1.  End Gerrymandering - Independent commission to set Congressional District boundaries. 
2.  End Filibuster & allow 45% of the House or Senate to force a vote without amendment.
3.  Public financing of Congressional campaigns. 
4.  Overturn Citizens United – Allow Congress to regulate political spending by organizations.
5.  All lobbying of Congress should be public, and members and staff of Congress should not be able to work as lobbyists for 5 years after leaving office. 
6.  Change House terms from 2 to 4 years so they aren’t constantly running for office. 
7.  Require balanced budget over business cycle (show balance over period of years)

Description

Before we can change our laws, we need to change how laws are made.  Special interests now rule this country, not the voters.  They manipulate the vote and manipulate Congress.  Arcane rules allow a minority of extremists to hijack Congress.  Our system has gotten out of balance in the 200+ years since its founding.  We need to restore the original checks & balances envisioned by the founders.  The basic system of 3 branches of government in balance was designed to make change difficult.  It ceases to work if additional hurdles are added (filibuster, gerrymandering, etc.).  We need to allow the majority to govern, and vote them out if they do a bad job.

These additional hurdles provide more tools to special interests.  Special interests have the money and resources to already have an advantage in our society.  But with our current system, they can donate money and influence government to get subsidies and further advantages.  This is leading to an increased disparity in wealth, which is destroying the middle class, which is thus ruining our economic engine of our consumer economy.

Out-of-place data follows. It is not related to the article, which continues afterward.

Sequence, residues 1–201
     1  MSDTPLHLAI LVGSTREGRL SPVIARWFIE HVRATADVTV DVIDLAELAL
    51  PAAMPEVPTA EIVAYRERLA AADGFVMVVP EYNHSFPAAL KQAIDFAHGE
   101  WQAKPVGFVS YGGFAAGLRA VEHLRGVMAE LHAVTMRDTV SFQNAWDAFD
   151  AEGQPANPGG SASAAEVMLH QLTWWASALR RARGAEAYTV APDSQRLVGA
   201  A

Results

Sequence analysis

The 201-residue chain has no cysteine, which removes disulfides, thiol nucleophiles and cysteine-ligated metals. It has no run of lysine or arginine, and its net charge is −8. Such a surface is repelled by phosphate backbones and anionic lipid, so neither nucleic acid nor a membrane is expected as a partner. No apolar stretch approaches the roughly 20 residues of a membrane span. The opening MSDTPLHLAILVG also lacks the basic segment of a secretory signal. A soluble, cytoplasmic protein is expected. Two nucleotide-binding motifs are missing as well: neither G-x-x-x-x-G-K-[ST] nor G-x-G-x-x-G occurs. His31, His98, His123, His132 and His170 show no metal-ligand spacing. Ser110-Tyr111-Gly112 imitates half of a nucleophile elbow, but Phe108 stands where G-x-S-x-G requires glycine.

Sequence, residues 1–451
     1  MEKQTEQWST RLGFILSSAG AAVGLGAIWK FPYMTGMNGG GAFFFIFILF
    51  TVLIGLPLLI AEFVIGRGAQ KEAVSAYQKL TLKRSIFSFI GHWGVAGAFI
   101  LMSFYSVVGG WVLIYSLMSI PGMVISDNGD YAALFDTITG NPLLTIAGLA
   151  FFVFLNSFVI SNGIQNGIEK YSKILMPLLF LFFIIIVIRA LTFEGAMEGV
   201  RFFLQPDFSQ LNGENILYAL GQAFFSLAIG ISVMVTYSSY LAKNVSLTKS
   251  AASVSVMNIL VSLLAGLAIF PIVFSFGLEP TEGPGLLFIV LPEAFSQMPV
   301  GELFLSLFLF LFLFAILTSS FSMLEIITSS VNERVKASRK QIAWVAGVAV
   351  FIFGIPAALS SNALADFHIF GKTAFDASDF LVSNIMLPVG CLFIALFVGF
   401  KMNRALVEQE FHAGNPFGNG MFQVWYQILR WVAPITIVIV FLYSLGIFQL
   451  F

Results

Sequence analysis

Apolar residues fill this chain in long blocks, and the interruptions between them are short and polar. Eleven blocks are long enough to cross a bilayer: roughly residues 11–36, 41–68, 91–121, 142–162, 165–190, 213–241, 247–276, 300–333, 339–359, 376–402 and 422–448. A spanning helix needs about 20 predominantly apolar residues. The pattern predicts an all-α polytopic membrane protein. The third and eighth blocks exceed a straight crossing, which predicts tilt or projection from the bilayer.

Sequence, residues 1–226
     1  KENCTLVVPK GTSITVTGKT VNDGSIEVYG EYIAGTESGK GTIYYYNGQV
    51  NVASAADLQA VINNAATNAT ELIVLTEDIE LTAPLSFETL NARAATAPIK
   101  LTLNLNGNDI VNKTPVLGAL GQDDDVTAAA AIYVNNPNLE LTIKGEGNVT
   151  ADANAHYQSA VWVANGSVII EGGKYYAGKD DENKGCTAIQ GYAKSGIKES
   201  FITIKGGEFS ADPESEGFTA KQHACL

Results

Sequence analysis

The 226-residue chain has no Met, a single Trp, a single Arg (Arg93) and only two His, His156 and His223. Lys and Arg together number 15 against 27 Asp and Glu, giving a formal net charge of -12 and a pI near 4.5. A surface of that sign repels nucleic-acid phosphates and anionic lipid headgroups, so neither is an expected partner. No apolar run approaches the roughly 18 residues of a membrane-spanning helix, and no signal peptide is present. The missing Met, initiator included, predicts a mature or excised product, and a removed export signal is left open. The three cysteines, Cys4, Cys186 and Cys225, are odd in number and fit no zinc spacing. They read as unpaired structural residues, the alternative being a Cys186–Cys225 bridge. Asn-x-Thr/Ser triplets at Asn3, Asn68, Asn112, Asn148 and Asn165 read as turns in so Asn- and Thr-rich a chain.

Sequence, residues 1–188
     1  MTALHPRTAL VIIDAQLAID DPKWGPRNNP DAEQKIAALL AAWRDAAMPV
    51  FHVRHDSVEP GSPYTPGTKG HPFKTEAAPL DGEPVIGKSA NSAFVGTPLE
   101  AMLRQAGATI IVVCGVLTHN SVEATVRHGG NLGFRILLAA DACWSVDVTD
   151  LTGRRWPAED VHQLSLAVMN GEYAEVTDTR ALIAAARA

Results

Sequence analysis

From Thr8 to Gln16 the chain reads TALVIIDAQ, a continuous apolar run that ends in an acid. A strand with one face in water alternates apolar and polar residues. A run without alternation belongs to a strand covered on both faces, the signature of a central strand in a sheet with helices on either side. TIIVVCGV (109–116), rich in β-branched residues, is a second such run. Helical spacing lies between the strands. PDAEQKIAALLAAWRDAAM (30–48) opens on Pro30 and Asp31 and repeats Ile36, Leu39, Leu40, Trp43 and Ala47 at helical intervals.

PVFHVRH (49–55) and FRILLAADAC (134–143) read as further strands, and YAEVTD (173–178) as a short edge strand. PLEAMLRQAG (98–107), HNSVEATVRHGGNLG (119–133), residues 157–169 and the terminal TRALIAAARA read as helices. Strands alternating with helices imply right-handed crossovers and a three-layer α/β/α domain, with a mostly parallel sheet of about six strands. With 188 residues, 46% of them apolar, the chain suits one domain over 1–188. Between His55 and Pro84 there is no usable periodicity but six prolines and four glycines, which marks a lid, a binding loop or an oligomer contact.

Congress won’t fix itself, so we need to, through the states.  The constitution allows the states to call a convention to amend the constitution.  The Constitution protects against a convention going beyond its special purpose – any amendment proposed must be approved by ¾ of the states.

 

Proposed Amendments to be drafted in Constitutional Convention:

1.  End Gerrymandering - Independent commission to set Congressional District boundaries.  The incumbent state legislatures now set boundaries in most states, using odd, gerrymandered shapes to insure their reelection.  As a result, in some states where only 40% of the voters vote for the incumbents, the incumbents still win 60% of the seats.  Essentially, politicians and special interests are choosing their voters.  As a result, we get safe districts for each party which leads to only the primary mattering.  This results in electing extremists from both parties since they don’t have to appeal to moderate voters, leading to stalemate in Congress.  For more info. see, e.g., www.endgerrymandering.com